Take the 2-minute tour ×
Stack Overflow is a question and answer site for professional and enthusiast programmers. It's 100% free, no registration required.

I'm trying to understand this code:

search_bst :: Tree -> String -> Maybe Int 
search_bst Leaf _ = Nothing
search_bst (Node k v l r) sk =
    if sk == k then Just v
    else if sk < k then search_bst l sk
    else search_bst r sk

I can get the concept but what does Node k v l r mean? Does it mean that search_bst takes two parameters, which the first one is an instance of type Node and has three values?

share|improve this question
Yes; this is pattern-matching against the parameters of Node, in order to bind the variables for use later. –  C. Quilley Aug 28 at 10:10

3 Answers 3

up vote 5 down vote accepted

This feature of the Haskell language is called pattern matching. The signature Tree -> String -> Maybe Int tells you that first argument of the search_bst function is of type Tree. The Tree data type is probably defined as follows:

data Tree = Leaf | Node String Int Tree Tree

A Tree is either a Leaf or a Node. A Node also contains 4 fields of type String, Int. Tree and Tree. Pattern matching now allows you to access these fields and take apart a value of type Tree. In your function, the first case:

search_bst Leaf _ = Nothing

means: If search_bst is given a Leaf as first argument, and anything as second argument, return Nothing.

The second case:

search_bst (Node k v l r) sk =
  if sk == k then Just v
  else if sk < k then search_bst l sk
  else search_bst r sk

then means: If the the first argument of type Tree is a Node, then the variables k, v, l and r will be the values of the fields of the Node constructor. The variable sk refers to the second argument of the function.

So if you run search_bst (Node "foo" 3 Leaf Leaf) "foo", what happens is that first, the first case will be tried. Because the expression Node "foo" 3 Leaf Leaf is a Node and not a Leaf, the first case will fail. Now the second case will be tried, and it matches. So k is set to "foo", v is set to 3, l to Leaf and r is also set to Leaf. Then the body of the function is evaluated.

You can learn more about the syntax of function definitions in a chapter of the book Learn You a Haskell for Great Good!.

share|improve this answer
"k" for "key", "v" for "value", "l" for "left", "r" for "right. –  Will Ness Aug 28 at 14:36
search_bst :: Tree -> String -> Maybe Int

means that search_bst takes two arguments, one of type Tree and one of type String, and produces a Maybe Int.

search_bst Leaf _ = ...

means: "do ... if the first argument (the one of type Tree) is Leaf (which is a value of type Tree). And finally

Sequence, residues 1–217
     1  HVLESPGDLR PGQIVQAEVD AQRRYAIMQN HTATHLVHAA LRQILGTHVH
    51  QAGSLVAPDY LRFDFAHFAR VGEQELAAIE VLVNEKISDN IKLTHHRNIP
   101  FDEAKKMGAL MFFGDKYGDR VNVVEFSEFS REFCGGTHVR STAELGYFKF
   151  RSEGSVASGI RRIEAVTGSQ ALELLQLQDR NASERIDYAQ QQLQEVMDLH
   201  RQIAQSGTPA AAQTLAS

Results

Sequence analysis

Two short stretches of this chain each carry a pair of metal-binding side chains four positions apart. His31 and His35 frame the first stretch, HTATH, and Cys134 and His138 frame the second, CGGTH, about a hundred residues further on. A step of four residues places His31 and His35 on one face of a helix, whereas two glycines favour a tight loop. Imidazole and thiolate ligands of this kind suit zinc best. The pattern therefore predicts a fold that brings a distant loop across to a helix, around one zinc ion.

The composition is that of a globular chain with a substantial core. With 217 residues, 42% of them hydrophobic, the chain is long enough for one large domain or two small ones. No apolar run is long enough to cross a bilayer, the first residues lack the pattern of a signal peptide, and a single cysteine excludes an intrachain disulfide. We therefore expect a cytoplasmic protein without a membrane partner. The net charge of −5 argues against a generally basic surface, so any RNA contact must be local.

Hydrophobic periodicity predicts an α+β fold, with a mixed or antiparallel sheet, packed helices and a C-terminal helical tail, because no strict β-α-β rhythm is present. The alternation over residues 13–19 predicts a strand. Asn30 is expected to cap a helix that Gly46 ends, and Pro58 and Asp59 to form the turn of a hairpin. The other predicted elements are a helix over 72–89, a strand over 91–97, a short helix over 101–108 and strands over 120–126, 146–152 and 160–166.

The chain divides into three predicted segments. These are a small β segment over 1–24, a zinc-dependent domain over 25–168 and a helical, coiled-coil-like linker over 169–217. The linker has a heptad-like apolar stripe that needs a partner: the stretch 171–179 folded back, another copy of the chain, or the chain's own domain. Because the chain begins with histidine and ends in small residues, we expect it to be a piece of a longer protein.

search_bst (Node k v l r) sk = ...

means "do ... if the first argument is a tree that's been constructed using the Node constructor and let k, v, l and r hold the values that have been given as arguments to Node. Also let sk refer to the second argument of search_bst.".

Does it mean that search_bst takes two parameters, which the first one is an instance of type Node and has three values?

The first argument has type Tree. There likely is no type Node in your program (and even if there is, it has nothing to do with the search_bst function).

share|improve this answer

It's important to distinguish between types and (value-) constructors. Let's consider a simpler example: you know

data Maybe a = Just a
             | Nothing

now, both Just and Nothing are constructors for values. These values will in either case have type Maybe A, where A can be any "contained type" (e.g. Maybe Int). Nothing is a nullary constructor, so it can be used on its own to construct a Maybe value. Just is a unary constructor, so it needs one argument (of the contained type).

Prelude> Nothing    :: Maybe Int
Prelude> Just 3    :: Maybe Int
Just 3

Now, the standard way to implement a function that takes a Maybe as its argument is to pattern match on those constructors. For instance,

showMaybe :: Maybe Int -> String
showMaybe Nothing = ""
showMaybe (Just n) = show n

Note that I deconstructed the Just value: I give it as many new variable names as the Just constructor needs for constructing, these variables then have the values of the contained data.

In your example, the data type is a bit more complicated

type TreeKey = String
type TreeContain = Int

data Tree = Leaf
          | Node TreeKey TreeContain Tree Tree

(normally, you would write data Tree k v = Note k v (Tree k v) (Tree k v) | Node, which works exactly the same but can use others keys/values as strings and ints.)

share|improve this answer

Your Answer


By posting your answer, you agree to the privacy policy and terms of service.

Not the answer you're looking for? Browse other questions tagged or ask your own question.